By REECE PASCOE
Although Peoples City Council Los Angeles (PCC) sounds like it might be an official city organization, it is not. It is an actions-oriented coalition of social and climate justice organizations from all over Los Angeles. According to its website click here “PCC emerged in the absence of definitive City action to protect the most vulnerable – the unhoused and tenants.”
The unofficial PCC leader is Ricci Sergienko, who self identifies as anti-fascist. Growing up in western Massachusetts, his mom worked two jobs and dad was a welder. When he was 18, he moved to Santa Monica to attend Santa Monica College and lived with his uncle.
His uncle had worked with Cesar Chavez and the United Farm Workers. When his uncle passed away, Ricci failed classes at SMC.
Subsequently, he enrolled at Compton college and went on to graduate from Southwestern Law School in 2018 with a concentration in entertainment and media law.
PCC it is one entity under a giant umbrella of groups, such as the Sunrise Movement, People’s Budget LA, Black Lives Matter and LA Communication Network, which have common goals.
These organization go about achieving their ideals in their own manner that they deem to be the most effective. The goals are roughly the same i.e., racial justice, environmental justice, and income equality.
Sergienko is associated with the Sunrise Movement LA click here which is focused to “advance intersectional climate justice solutions in the Greater Los Angeles Area, building an army of young people to stop climate change.”
The Peoples Budget LA, is coalition led by Black Lives Matter LA click here. The pivotal point of the Peoples Budget LA is to defund the police and the reallocation of the Los Angeles City yearly budget. If one goes to website and fills out a survey, the meta data shows that people want a budget focused on universal aid and crisis management, not police spending.
The LA police budget has been about $1.76 billion over the past couple of years. The main problem with The Peoples’ website survey is that only people who take it mostly have the same political leanings, so it doesn’t have an accurate assessment of what direction most Los Angeles residents want the government to go.
Sergienko and L.A. County Sheriff Alex Villanueva, have been targeting each other on twitter. The PCC leader has been mentioned in Villanueva’s political campaign. Sergienko consistently tweets about members of the police department and the city council, and recently got in some hot water for doxing the sheriff’s address.
But Sergienko most recently has been protesting the mayoral candidate’s race. In March the L.A. Times wrote that protestors were stopped and “candidates explained their plans without being shouted down by hecklers pretending to be activists.” But the L.A. Times had it wrong because PCC is an activist organization.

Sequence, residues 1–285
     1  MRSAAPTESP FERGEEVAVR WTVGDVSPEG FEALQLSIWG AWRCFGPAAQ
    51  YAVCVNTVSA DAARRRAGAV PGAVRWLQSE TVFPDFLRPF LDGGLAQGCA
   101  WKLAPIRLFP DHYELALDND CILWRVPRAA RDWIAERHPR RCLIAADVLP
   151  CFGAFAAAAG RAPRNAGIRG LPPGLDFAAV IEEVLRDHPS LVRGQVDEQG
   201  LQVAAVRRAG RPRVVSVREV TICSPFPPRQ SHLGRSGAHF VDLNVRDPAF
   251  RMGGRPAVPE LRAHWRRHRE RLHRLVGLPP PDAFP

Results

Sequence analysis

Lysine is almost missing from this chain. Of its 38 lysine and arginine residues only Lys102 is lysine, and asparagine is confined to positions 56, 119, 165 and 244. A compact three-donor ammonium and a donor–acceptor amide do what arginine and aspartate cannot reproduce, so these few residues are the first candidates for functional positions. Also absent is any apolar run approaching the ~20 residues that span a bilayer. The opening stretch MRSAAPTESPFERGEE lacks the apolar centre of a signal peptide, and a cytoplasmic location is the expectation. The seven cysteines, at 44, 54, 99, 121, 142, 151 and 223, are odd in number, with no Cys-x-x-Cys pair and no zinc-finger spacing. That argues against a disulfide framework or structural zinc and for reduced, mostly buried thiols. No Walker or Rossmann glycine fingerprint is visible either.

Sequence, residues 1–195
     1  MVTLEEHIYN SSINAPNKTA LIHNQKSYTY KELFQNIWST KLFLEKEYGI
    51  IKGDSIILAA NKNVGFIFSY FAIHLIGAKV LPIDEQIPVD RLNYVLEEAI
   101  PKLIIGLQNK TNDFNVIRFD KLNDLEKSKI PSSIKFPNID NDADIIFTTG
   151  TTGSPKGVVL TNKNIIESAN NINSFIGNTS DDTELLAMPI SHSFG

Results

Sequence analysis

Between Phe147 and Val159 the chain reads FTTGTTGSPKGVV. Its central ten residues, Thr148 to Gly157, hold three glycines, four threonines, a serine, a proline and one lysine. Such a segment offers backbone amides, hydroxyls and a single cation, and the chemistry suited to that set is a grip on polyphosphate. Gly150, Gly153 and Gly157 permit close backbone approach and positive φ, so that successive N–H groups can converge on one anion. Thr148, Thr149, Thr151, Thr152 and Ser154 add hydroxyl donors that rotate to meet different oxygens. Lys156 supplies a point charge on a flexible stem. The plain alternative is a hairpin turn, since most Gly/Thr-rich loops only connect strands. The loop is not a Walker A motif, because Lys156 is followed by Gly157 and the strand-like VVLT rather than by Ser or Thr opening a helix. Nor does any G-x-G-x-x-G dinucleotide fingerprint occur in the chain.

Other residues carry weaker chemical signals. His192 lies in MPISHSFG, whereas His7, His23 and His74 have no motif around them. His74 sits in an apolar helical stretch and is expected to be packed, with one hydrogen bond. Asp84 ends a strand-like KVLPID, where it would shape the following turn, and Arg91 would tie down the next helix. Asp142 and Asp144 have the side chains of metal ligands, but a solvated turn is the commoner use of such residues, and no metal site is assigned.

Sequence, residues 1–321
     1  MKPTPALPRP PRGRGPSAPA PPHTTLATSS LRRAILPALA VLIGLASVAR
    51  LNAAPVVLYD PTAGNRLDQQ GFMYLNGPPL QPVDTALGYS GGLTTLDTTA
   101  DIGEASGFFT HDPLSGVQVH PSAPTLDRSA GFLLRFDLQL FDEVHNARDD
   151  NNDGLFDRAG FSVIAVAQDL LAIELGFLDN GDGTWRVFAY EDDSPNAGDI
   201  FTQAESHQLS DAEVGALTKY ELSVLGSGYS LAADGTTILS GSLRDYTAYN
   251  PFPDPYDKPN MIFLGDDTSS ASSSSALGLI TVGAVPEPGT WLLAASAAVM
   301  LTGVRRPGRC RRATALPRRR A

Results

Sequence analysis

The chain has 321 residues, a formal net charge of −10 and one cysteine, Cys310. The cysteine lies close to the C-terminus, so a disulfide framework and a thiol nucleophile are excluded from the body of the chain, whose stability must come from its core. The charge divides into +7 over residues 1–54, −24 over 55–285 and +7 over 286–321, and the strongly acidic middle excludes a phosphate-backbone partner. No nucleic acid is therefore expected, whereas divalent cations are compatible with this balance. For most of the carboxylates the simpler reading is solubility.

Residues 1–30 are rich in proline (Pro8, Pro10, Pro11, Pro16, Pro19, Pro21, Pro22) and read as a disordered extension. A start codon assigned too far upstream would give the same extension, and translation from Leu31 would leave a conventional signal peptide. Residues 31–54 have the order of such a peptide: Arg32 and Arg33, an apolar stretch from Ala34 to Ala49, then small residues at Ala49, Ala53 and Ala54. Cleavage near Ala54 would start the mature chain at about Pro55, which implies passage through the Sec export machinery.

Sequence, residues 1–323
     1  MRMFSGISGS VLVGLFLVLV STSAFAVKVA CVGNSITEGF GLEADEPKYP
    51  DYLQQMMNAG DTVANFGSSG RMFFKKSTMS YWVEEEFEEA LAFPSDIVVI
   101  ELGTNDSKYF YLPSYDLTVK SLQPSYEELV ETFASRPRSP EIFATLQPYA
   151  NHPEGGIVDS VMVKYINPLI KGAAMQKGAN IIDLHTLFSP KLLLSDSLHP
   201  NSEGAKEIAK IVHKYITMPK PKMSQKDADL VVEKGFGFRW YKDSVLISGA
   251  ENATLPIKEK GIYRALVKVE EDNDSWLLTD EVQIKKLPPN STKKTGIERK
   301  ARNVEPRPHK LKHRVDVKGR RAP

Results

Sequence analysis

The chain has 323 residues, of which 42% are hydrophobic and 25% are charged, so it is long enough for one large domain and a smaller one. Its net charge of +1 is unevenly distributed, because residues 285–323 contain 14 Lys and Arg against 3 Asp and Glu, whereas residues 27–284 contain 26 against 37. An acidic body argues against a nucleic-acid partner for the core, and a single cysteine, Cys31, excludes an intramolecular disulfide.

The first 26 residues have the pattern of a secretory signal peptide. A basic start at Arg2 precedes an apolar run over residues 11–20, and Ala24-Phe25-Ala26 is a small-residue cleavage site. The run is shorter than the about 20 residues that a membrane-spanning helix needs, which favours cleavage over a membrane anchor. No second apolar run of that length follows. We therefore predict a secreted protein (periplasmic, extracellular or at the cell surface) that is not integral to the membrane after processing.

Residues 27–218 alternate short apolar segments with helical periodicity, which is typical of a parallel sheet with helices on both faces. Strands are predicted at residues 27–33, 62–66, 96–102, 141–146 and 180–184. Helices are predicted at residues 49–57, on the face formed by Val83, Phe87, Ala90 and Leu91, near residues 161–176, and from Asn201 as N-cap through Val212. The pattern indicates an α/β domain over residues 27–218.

The PCC had a GoFundMe page in April 2020 to help pay for parking tickets that were given during a car protest. The fund, which has now been shut down, raised more than $2.5 million.
PCC donated a half a million to BLM. It donated $100,000 to National Lawyers Guild, and the LA Community Action Network, which “organizes people to fight back against oppression.” The money also financed masks, goggles, gloves and helmets. That left about $2 million for bail, medical costs and legal fees.
The National Lawyers Guild click here is a collection of lawyers focused on their own law expertise, like environmental justice committee, housing and homeless committee, and other specialized hot topics. The NLG is the legal side of these organizations which keep the lawyers on retainer.
Almost all these organizations are 501(c)4, which is not tax deductible. But the legal side, the National Lawyers Guild is a 501(c)3 and donations are tax deductible.
If one donates to an organization to advance a cause one believes in that is not tax deductible, that organization can then donate to the NLG, which is. That money is used to post bail and handle legal proceedings.
During the 2020 “summer of love,” Kamila Harris donated to the Minnesota freedom fund. Some said she was bailing rioters out of jail, but more likely, it was tax write off through NLG.
The PCC was in the news on June 3, when members were protesting the Sheriff, and then Kevin DeLeon at Olivera Street in downtown L.A. It was rumored one could make $400 by just participating in a protest.
This author could not confirm this, but PCC still has just under $2 million from its GoFundMe effort and that does not include money that could have been donated though other means.
Paying $400 a person for a protest is not out the realm of possibility. “Our organizers serve as medics, legal observers and bodies in protests,” the website notes. “We continue to evolve to meet the needs of our comrades.”
John Steinbeck wrote in his book “Dubious Battle” about communist activists and that the true mission is not really the people they claim to represent, but rather their long-term plans for revolution, in which strong class feelings are stirred up.